New Delhi, 21-03-2022

Khalin and Viraj, two winners on two different DGC layouts, ready for The DGC Open

Khalin Joshi and Viraj Madappa are among the most promising young golfers in India. They have an Asian Tour win each and multiple wins at home. But in the field which has assembled for The DGC Open presented by Mastercard, they have a special place.

Khalin won the last Asian Tour event, the Panasonic Open, at the Delhi Golf Club in 2018, before the club shut the doors to get a renovation of the Lodhi Course done.

When the renovation was done and the first professional event was staged on the re-done Gary Player designed course, Viraj Madappa won the Tata Steel MP Cup 2021, presented by DGC and Just in Time Sports Foundation, on the PGTI Tour.

Both love the DGC. But then most Indian players love the storied venue, regardless of their success rate here. The sheer atmosphere is hard to beat.

“I have been playing here since my junior days and I love the course. It is a great challenge and I have had some success and good moments, including the Asian Tour win. I had played so many times before it was re-done and I always felt you needed to think and plan all the time,” says Joshi. “Now with shapes of the greens having been changed and lot of run-off and collection areas, the challenge is stiffer. You can’t miss on the wrong side and if you do, it is going to be tough. So you need to think before each shot.”

Madappa edged out Joshi by one shot to take the title at the MP Cup in October 2021. His first pro win was an Asian Tour event - the Take Solutions Masters in Bengaluru in 2018, has since then been making good strides, but his expectations are way more.

On his game, Madappa laughed and said, “I am consistently average.” Meaning he is making cuts alright, but not producing the finishes he can or wants to. “On the Asian Tour (in 2022) I have made all five cuts, but it needs to get better.” His best has been T-21, certainly way below his potential.

As for the domestic Tour, he had a ton of Top-10s, including a win at MP Cup at DGC in October. Ahead of The DGC Open, he lost a tight battle last week to Yuvraj Sandhu, another rising star, by one shot when Sandhu holed a 20-footer on 72nd to win outright.

On the new DGC course, Madappa said, “The DGC is a great course. From tee to greens it is the same, but a lot else has changed. The bunkers have been moved a little, the greens are re-shaped and there are some fantastic slopes and a lot of collection areas one should look out for. All in all, it is a great challenge. The renovation has been great. A. very good job.”

How did he handle the pandemic? “That was something out of our control. I used the time in the first wave to think and work on my game. Then when we got no events on Asian Tour, it did get frustrating but I hung in and put more work in.”

He added, “I have now been a pro for five years. So, it is more frustrating when you know where you and you also know how good you could be or where you could be.  That’s the gap I want to bridge.”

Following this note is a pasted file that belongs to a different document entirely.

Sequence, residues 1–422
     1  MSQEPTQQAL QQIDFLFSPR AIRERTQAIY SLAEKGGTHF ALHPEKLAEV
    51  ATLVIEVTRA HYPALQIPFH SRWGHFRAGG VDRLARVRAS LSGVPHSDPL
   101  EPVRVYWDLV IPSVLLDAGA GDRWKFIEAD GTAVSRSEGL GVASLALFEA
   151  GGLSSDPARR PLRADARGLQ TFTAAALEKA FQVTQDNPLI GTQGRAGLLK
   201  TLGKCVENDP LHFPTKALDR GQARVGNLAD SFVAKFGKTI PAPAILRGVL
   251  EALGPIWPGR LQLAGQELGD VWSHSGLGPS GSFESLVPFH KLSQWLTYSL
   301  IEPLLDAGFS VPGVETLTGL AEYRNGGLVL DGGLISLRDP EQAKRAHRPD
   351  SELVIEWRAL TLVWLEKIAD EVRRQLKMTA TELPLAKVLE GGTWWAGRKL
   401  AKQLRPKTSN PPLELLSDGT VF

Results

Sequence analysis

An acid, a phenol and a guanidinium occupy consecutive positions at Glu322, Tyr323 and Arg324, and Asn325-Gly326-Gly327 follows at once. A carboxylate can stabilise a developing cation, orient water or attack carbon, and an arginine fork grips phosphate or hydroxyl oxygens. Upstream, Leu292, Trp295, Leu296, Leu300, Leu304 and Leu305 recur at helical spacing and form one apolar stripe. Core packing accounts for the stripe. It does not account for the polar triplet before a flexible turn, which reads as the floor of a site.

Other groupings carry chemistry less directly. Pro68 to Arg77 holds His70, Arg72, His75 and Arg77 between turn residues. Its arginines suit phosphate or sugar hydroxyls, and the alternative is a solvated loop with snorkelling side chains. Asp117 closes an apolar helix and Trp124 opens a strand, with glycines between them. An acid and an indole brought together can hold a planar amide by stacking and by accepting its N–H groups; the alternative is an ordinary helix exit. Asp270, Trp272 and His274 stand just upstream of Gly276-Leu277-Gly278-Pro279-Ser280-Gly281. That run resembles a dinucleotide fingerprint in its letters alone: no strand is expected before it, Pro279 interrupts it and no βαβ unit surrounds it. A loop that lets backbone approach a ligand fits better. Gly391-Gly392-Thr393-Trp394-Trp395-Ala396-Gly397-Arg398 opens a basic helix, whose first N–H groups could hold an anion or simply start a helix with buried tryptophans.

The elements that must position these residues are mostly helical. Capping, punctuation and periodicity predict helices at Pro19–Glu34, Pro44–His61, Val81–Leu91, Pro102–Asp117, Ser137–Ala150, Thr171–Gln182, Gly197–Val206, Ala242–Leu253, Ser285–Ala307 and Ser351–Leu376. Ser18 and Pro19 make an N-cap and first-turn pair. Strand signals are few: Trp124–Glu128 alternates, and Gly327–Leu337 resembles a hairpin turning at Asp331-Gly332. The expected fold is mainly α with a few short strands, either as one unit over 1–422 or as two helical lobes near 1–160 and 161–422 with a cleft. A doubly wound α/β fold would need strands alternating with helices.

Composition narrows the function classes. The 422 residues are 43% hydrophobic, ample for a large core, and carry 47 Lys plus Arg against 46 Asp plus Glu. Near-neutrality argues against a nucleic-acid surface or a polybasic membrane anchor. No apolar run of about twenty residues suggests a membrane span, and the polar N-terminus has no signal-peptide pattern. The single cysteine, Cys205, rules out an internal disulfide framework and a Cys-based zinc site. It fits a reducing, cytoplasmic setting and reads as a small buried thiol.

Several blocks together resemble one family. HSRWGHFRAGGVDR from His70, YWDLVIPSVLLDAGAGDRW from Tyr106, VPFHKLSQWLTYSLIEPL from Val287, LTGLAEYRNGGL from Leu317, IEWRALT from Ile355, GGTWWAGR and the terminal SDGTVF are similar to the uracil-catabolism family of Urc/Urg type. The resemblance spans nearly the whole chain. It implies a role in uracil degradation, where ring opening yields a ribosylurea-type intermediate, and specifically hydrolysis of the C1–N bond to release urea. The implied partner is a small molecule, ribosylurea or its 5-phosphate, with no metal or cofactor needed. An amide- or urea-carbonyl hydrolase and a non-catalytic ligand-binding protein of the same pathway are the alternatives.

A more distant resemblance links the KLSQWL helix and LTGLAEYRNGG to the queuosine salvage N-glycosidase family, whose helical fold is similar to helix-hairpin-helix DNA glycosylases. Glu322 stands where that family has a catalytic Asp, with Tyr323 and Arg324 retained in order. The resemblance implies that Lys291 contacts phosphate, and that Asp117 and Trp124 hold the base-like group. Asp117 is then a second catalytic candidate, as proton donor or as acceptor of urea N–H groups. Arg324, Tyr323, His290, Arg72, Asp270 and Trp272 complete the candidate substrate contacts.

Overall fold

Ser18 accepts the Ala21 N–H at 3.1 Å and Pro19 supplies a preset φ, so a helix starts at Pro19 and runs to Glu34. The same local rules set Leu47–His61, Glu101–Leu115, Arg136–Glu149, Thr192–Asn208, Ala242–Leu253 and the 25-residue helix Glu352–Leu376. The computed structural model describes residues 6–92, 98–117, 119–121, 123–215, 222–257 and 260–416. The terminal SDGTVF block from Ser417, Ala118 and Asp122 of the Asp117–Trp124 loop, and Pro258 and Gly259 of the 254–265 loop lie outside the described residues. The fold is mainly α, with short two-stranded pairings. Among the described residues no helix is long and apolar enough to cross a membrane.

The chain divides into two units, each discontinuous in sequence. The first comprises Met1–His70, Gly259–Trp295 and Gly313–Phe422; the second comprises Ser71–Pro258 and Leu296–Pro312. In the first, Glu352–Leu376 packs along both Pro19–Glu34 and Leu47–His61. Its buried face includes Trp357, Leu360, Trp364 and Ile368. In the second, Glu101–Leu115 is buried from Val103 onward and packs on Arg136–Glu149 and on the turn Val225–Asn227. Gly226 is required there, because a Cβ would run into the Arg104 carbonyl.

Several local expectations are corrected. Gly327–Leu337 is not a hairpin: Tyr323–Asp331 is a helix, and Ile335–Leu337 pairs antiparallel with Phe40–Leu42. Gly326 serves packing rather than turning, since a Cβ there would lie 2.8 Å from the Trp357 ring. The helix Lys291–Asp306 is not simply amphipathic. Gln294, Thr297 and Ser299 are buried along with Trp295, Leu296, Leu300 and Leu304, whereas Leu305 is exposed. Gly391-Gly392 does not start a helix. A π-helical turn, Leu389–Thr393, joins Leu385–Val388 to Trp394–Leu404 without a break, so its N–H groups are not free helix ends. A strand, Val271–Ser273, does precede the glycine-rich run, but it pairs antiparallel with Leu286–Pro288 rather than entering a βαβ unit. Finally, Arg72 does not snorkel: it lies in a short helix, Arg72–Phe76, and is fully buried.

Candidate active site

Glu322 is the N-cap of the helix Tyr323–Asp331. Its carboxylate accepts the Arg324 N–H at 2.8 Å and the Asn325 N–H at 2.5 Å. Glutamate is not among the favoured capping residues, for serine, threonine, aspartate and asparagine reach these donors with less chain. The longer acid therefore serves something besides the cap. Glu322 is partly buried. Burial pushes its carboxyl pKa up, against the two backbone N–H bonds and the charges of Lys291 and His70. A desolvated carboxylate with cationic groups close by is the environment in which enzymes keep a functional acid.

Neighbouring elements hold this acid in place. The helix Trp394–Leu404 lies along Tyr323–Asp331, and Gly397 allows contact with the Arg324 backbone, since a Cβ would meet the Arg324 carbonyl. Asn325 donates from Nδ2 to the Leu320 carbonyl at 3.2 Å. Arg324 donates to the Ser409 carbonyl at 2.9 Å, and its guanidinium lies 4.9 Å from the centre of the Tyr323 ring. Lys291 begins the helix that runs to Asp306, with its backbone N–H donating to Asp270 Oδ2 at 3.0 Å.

Could this be the week one he takes one more step to bridging it?

When Joshi won in 2018 at the DGC, he probably started thinking of the next level. And why not, he was playing great and he was 24 and as he said, “many new doors had opened for him.”

Yet, it did not quite happen like that. There was just one Top-10 in the whole of 2019 and worse he missed cut in 14 of the starts.

Like many others, Joshi used the pause to work on his game and the mental struggles he seemed to be having on the course. The change showed in 2020, which was still a truncated season for all. Yet in 10 starts Joshi had five Top-10s including a third in the season-ending Tour Championship. Things were beginning to turn around.

“I used the time to work on my game and also to work out what was wrong on and off the course,” he says. He began working with Laurence Brotheridge and the results, too, showed the improvement.

Three starts at the beginning of 2021 before the second wave saw him finish 11th in Gujarat Open and T-8 in Glade One and T-9 in NCR Open. Another hiatus came in due to the pandemic. But by now Khalin had found his mojo. The work on the game and the mind continued.

When the Tour re-started in September 2021, Joshi had four Top-10s in five starts including a win in Jaipur. However, there was some more frustration in 2022 at the Asian Tour events. He missed the cut in four successive starts, but after at the Tata Steel PGTI in Kolkata, he was T-9, showing he is ready for DGC Open presented by Mastercard, at a course he loves in both old and new avataars.  “The DGC gets me excited, and I am looking forward to the week,” signs off Joshi.

Pictures: Asian Tour

About PGTI:

Formed in 2006, Professional Golf Tour of India (PGTI) is the recognised official body of professional golf in India. PGTI's objective is to promote professional golf in the country, as well as to give players an opportunity to be involved in the decision making on all aspects of the game. Headed by Mr. Srinivasan H R (President), PGTI's governing body comprises leading Indian golf professionals. PGTI currently has over 300 members.

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